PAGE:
It’s early in the morning and you’re tired. The cold weather makes you want to stay in bed but you have to get up for work. As soon as you walk out the door, you notice your car. At the sight of fogged up car windows, you suppress a groan and get inside, blasting on your defroster. What if this happens when you’re running late for work or school and can’t sit around waiting for the windows to defrost? Well, in this blog, we’re going to offer some tips on how you can defrost your windows in a quicker manner.  

Turn on the AC

The AC in your car also works as a dehumidifier and doesn’t just blast out cool air. When you turn on your defroster by its recognizable icon, make sure the switch labeled “AC” is also on. These work together as part of your HVAC system with the vents circulating airflow to the outlets on the dashboard; that, in turn, is directed at your windshield. Sometimes the defroster turns off automatically once your car’s climate has leveled out and won’t fog up again.

Give yourself extra time in the mornings to defrost your car windows

By extra time, we mean at least 10-15 minutes. No need to sacrifice an extra hour of sleep in the morning just to defrost your windows. Sometimes your car just won’t defrost in the timeframe that you need it to. Other times you check traffic and it’s gotten so bad that you have to leave before it gets worse. In any case, it’s always best to be prepared for the worst-case scenario. Give your car some time and catch up on the news on social media as you sit in the car and wait. Patience is a virtue, as they say.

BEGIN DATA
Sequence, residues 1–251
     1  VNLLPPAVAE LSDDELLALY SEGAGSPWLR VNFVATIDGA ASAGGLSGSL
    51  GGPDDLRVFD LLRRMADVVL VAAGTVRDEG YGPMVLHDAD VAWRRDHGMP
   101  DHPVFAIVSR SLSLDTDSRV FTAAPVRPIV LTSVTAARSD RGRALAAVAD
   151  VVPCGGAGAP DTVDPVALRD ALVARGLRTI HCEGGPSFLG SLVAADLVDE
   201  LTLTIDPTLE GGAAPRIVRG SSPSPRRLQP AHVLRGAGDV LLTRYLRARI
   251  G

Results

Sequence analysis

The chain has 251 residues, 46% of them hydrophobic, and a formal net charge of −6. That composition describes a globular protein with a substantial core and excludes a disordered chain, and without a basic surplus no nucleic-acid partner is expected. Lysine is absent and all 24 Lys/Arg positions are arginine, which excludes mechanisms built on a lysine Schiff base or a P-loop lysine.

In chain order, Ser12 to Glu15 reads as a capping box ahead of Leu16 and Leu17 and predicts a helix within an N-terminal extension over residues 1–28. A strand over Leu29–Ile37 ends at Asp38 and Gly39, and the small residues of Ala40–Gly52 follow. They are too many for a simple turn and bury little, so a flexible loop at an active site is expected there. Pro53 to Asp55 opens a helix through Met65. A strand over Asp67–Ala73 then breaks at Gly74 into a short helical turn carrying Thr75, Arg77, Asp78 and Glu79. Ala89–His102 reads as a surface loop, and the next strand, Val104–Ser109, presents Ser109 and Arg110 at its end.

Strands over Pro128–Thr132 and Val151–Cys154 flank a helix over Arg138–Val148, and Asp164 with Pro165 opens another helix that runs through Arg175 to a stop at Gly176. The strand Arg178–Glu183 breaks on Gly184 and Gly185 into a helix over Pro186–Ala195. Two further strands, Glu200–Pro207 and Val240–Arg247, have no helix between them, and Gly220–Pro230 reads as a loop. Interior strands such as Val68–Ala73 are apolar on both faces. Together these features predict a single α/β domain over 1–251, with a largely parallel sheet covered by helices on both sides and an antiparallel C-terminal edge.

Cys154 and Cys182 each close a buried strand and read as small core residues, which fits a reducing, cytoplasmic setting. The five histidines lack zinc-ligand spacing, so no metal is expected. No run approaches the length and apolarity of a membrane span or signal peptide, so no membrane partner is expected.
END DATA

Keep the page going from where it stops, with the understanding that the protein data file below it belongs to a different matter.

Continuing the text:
Use a window cleaner or wipe with cloth or towel

This is generally a last resort when you have to leave right away, but it can be dangerous because your windows could fog up again during the drive. This is also why it’s important to visit your local auto shop for a maintenance check to ensure all the necessary functions are working properly. Window cleaners that don’t leave behind residue are your go-to for this manual option. Sometimes a clean window prevents condensation from building up. All in all, the extra labor is worth the safe drive.

Conclusion

Condensation occurs more often during the winter because of the climate, and the occupants inside a house or vehicle stay warm. That heat results in moisture build-up, which hits the cold glass and breeds condensation or fogging. It’s never safe to drive with foggy windows because it distorts your visibility. This is especially true when you leave early in the morning and the sun is barely up yet. Foggy car windows are a common occurrence, and don’t freak out if you’ve been waiting nearly half an hour and see that they still haven’t cleared up. With our simple tips, you’llbe on the road in no time.